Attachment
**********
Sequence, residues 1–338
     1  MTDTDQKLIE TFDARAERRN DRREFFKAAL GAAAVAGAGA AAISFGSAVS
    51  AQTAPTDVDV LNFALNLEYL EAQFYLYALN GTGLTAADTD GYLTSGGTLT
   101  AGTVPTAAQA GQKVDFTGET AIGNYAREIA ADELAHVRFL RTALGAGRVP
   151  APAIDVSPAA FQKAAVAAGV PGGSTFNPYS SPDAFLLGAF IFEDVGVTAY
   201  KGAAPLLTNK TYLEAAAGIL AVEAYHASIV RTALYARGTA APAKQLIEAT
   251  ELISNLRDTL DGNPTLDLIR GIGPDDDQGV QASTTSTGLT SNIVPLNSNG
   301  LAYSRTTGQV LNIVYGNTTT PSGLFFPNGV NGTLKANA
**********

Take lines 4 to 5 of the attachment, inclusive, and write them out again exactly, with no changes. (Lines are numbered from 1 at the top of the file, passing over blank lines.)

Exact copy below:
   101  AGTVPTAAQA GQKVDFTGET AIGNYAREIA ADELAHVRFL RTALGAGRVP
   151  APAIDVSPAA FQKAAVAAGV PGGSTFNPYS SPDAFLLGAF IFEDVGVTAY